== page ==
So, depending on how you look at it, one could say that there’s not a unitary, continuous “self” even within a single incarnation; or from another perspective, the unity of the self isn’t interrupted by death and rebirth, even assuming some kind of bardo-like intermediate state (which to my knowledge, neither gilgul nor Gnostic systems assume, but I could well be wrong).

Thus, I no longer think that there are metaphysical reasons that reincarnation cannot be harmonized with Christian doctrine.  The usual fear is that it destroys the uniqueness of the individual; but as we’ve seen, I think that objection can be met.

One subtle objection might still be raised.  The Fathers were not stupid or unsubtle men.  St. Augustine, for example, was quite well aware that time did not exist before the creation of the cosmos, since it is a property of the material world, whereas God is atemporal.  Certainly there were plenty of theologians and philosophers in orthodoxy who were capable of grasping the argument I’ve made here.  Why, then, one might ask, did no one make it?  Why was reincarnation, if not rejected outright by Conciliar fiat, not accepted, at least as a theologoumenon?  After giving this matter considerable thought, I think the answer is the cultural context.

Recall that the one place in which the Abrahamic and the Dharmic and Hellenistic faiths differ most profoundly and irreconcilably is in their views of cosmic cycles.  The Abrahamic faiths roundly reject them; the Dharmic and Hellenistic faiths accept them.  I think that this is the context in which the debates had to take place.  The Fathers realized that they couldn’t ultimately take out reincarnation on purely metaphysical grounds (though some still objected to it).  What they did have a problem with was the cyclical worldview inherent in the pagan systems that accepted reincarnation.  This was obviously irreconcilable with Jewish and Christian cosmology.  I suspect that this was behind the condemnation of Origen–he was, rightly or wrongly, accused of promoting a cyclical cosmos, and by the time he was condemned, he’d been dead so long, and his followers had gone off on so many tangents, that it was no longer clear what he taught.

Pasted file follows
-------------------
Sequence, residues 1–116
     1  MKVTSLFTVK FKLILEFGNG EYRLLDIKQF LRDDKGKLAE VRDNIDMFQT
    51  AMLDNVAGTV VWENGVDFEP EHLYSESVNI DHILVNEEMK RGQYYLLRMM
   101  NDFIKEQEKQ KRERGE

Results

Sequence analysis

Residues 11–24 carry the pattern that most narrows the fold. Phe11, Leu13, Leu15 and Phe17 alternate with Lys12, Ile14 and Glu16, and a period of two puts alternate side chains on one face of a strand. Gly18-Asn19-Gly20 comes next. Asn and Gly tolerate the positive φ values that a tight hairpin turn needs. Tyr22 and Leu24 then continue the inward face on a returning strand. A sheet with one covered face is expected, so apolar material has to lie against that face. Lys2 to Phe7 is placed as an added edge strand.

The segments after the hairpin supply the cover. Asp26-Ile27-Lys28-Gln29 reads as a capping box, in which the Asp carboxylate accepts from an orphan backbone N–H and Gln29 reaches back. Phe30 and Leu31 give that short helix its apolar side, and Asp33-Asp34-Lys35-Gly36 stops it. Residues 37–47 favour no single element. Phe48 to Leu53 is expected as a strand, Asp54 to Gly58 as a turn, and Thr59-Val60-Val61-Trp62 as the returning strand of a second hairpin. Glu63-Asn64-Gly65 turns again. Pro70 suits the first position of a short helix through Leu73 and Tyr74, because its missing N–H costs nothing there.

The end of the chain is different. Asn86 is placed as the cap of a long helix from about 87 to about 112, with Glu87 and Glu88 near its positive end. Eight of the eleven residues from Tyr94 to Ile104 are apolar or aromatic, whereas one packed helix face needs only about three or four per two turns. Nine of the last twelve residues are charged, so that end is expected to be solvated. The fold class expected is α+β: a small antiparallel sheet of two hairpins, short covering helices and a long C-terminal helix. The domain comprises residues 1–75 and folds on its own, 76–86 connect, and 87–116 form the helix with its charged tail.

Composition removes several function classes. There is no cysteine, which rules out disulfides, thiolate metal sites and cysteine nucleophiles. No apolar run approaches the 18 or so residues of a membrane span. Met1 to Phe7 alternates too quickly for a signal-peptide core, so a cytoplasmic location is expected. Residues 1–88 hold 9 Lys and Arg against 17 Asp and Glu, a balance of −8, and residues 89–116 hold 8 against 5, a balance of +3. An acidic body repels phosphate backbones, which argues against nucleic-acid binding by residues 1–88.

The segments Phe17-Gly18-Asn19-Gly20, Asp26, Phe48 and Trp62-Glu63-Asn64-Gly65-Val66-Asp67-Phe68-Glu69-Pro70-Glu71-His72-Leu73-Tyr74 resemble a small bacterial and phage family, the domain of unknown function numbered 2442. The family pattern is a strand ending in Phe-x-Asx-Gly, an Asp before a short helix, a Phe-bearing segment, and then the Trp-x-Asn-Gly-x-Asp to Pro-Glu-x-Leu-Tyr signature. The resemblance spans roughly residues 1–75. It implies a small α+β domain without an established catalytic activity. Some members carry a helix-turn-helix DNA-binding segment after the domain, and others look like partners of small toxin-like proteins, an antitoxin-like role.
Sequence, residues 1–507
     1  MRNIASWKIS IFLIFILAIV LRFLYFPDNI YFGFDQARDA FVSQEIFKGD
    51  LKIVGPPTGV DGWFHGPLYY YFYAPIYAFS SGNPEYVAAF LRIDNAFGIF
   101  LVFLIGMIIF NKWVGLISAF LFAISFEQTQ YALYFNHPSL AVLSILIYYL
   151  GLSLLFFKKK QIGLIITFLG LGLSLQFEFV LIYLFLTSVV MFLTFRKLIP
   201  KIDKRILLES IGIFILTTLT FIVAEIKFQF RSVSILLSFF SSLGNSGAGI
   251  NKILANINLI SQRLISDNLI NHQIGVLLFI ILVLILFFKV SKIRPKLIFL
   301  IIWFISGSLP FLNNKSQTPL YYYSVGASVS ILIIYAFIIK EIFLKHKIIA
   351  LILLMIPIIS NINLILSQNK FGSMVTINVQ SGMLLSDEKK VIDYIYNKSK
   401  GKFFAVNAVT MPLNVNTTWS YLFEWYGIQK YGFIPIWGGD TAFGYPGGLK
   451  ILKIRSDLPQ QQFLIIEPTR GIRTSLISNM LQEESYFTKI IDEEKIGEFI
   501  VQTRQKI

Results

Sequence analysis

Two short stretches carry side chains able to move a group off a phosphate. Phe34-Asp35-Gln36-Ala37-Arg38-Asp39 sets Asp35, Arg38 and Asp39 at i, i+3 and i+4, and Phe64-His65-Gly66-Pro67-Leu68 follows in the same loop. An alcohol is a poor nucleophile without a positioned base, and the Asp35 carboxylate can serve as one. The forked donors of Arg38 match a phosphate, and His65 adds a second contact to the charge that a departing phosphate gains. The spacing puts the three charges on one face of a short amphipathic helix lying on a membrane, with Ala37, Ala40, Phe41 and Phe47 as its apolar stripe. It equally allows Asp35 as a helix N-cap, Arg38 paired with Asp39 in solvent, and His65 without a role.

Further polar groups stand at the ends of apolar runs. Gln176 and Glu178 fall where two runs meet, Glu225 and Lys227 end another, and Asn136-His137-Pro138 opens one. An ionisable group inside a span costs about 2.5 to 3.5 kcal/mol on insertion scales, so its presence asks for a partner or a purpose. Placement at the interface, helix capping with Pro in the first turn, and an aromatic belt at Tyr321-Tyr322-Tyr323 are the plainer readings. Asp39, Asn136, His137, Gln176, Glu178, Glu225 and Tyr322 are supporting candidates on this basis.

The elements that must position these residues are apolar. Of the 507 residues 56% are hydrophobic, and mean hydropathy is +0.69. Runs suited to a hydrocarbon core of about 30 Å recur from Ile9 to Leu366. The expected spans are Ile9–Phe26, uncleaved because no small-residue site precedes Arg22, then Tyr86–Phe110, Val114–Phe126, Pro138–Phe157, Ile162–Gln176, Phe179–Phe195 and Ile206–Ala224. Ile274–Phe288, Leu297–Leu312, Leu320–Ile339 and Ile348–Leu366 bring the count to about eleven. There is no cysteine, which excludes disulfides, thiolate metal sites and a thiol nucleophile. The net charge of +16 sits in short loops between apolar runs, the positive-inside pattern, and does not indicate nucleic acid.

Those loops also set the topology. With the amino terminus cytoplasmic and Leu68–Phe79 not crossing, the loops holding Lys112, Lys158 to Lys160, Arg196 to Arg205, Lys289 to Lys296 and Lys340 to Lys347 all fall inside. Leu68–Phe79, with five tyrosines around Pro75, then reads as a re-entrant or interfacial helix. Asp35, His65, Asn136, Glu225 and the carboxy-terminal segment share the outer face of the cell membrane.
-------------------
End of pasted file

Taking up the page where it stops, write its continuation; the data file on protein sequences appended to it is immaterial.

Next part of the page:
This is also probably behind the condemnation of pre-existence.  It was probably seen as tightly intertwined with the supposed cyclical cosmos of Origen, and thus had to be anathematized, too.  Perhaps Origen’s supposed errors left a bad taste in the mouths of Council participants, to the extent that they didn’t look at the subtler issues of pre-existence.  In any case, it’s significant to me that while reincarnation could have been explicitly condemned at any council–and at the time of the early ones, at least, the notion was still very much in the air–it never actually was so condemned.

It’s possible that the Fathers believed that if pre-existence were condemned, then reincarnation would go down with it.  This, of course, does not hold water, since one could posit an initial ensoulment of the body by a non-pre-existent soul, that after the initial bodily death proceeds into various rebirths.  My thinking on this is that the condemnation of Origenism and its offshoots was a proxy for condemning the cyclical cosmologies of the various non-Abrahamic faiths, rather than pre-existence (understood as I’ve described it) or reincarnation per se.  This is actually the general way the Church has proceeded throughout history.  Rarely does it preemptively condemn anything, and rarely does it condemn abstractions.  Generally, condemnations and anathemas come only after an idea has been proposed; and such condemnations are usually relatively narrow and focused on the individual or group promoting it.  Thus, for example, at different times Origen and Nestorius and his followers were condemned, rather than abstract entities such as “Origenism” and “Nestorianism”.